Recently, dear friend and collaborator Martino Pietropoli posted images from his visit to Hiroshi Sugimoto’s Glass Tea House Mondrian at the Venice Biennale, on the island of San Giorgio Maggiore . While googling it, I came across a notice that Sugimoto also currently had an exhibition up at San Francisco’s Fraenkel Gallery, which would be ending the following week.
My daughter and I rushed into the city late that Saturday afternoon to catch the show an hour before closing. We entered, realizing to our delight that we were the only ones there, able to view & discuss the art freely. A short while later, however, we heard someone behind us enter and begin snapping photos. When we moved to step back so he could get a better shot he demurred, explaining that he wanted photos with us intentionally in the shot. He turned out to be professional photographer Richard Nagler, who’d just published Looking at Art, the Art of Looking, a book about the relationship between artwork and the viewer, and their interdependant dynamic. He was kind enough to forward me a photo of us examining Sugimoto’s piece titled In Praise of Shadows, itself a tribute to the Jun’inchiro Tanazaki’s book, with the following text:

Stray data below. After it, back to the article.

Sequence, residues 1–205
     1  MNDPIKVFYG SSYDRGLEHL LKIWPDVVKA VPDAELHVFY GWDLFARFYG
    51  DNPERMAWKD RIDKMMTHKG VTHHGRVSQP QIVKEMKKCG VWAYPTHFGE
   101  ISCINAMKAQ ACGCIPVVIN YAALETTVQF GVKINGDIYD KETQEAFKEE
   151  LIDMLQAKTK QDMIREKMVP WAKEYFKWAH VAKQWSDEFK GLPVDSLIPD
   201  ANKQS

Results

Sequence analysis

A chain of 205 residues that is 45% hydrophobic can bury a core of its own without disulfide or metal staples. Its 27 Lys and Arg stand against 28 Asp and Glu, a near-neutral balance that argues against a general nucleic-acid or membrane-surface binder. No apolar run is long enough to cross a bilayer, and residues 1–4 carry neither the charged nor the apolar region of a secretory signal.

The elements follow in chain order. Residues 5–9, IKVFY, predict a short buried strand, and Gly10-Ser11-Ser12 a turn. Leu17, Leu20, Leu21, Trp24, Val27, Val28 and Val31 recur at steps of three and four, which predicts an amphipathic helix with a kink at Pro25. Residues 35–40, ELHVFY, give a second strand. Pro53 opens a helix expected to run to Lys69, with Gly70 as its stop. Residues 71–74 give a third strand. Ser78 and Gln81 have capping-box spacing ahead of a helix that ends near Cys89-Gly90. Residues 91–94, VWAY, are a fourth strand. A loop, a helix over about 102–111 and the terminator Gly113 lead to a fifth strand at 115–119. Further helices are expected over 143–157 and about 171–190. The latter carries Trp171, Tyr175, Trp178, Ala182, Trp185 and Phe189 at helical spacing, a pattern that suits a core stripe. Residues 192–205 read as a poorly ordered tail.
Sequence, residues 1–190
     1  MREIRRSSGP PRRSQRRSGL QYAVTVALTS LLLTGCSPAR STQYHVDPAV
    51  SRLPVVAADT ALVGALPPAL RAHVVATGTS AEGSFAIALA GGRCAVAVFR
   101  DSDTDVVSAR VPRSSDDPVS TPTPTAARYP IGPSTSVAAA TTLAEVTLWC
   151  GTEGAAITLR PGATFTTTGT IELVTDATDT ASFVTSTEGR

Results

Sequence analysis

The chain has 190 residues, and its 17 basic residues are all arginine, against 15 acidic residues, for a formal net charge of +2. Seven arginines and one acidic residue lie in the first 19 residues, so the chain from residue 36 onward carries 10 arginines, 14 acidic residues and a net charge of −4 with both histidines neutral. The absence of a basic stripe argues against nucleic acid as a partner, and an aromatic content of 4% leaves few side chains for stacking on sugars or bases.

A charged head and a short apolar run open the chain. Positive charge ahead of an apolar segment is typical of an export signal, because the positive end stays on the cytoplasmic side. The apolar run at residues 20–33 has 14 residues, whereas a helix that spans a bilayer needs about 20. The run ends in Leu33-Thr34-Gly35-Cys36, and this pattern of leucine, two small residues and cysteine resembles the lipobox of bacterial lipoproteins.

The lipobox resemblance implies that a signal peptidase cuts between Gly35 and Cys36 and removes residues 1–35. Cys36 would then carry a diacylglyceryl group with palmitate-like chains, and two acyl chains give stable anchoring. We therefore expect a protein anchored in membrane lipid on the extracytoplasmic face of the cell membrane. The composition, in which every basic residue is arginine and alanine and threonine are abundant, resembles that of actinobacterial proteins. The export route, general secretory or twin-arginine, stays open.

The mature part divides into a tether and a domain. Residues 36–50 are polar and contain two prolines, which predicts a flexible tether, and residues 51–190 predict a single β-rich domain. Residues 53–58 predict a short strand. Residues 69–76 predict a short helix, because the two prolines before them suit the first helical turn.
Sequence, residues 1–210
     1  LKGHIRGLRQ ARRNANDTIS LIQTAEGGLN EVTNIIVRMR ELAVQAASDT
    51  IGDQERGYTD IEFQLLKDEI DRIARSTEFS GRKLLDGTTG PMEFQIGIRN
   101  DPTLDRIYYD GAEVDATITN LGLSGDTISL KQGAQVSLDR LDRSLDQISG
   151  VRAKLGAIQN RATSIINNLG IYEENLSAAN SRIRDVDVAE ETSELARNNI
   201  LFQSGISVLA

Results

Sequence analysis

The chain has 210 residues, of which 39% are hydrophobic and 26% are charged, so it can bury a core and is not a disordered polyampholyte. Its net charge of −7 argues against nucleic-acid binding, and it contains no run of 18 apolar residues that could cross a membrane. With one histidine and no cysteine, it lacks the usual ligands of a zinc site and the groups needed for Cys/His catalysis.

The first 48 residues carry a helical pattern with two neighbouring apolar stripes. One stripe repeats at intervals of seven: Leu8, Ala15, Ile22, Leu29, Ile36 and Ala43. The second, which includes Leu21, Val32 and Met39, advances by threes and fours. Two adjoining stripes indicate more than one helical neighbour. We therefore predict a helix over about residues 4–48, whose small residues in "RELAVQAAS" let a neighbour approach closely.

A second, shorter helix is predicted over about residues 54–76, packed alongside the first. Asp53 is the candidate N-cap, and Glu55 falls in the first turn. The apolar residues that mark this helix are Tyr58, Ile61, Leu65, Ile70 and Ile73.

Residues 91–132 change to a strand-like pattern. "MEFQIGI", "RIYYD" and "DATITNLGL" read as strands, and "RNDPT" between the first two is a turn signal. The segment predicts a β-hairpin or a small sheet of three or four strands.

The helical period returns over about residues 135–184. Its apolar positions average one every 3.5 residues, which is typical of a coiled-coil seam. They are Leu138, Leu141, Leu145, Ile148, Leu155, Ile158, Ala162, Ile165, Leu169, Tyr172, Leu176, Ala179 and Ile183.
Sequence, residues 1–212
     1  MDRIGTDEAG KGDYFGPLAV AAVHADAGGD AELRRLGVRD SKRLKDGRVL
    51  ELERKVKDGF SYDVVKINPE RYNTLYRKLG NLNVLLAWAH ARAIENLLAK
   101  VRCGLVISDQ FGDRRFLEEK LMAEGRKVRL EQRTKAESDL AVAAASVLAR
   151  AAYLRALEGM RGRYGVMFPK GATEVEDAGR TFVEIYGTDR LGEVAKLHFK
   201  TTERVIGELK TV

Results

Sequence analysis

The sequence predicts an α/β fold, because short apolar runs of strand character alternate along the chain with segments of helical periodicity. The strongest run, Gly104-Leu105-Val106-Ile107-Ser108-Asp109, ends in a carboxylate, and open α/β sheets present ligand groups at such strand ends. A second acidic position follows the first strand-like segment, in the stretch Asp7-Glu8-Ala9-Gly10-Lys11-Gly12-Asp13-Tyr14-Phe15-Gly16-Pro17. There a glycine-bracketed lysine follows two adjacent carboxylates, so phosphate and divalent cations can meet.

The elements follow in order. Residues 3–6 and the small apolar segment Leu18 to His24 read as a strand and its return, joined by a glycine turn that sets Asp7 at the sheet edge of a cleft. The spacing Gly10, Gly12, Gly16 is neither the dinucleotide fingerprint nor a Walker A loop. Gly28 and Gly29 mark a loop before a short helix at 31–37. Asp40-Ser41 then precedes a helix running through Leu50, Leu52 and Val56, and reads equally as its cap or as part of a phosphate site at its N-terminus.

Japanese novelist Jun’ichiro Tanizaki disdained the “violent” artificial light wrought by modern civilization. I, too, am an anachronist: rather than live at the cutting edge of the contemporary, I feel more at ease in the absent past.
Domesticating fire marks humankind’s ascendancy over other species. For tens of thousands of years, we have illuminated the night with flames. Reflecting upon this, I decided to record “the life of the candle”. Late one midsummer night, I thre open the windows and invited in the night breeze. Lighting a candle, I opened my camera lens. After several hours of wavering in the breeze, the candle burned out. Savoring the dark, I slowly closed the shutter. The candle’s life varied on any given night – short, intensely burning nights and long, constantly glowing lights – each different, yet equally lovely in its afterglow.
I left thinking about a Paulo Coelho quote from the book The Alchemist: “When you want something, all the universe conspires in helping you to achieve it.”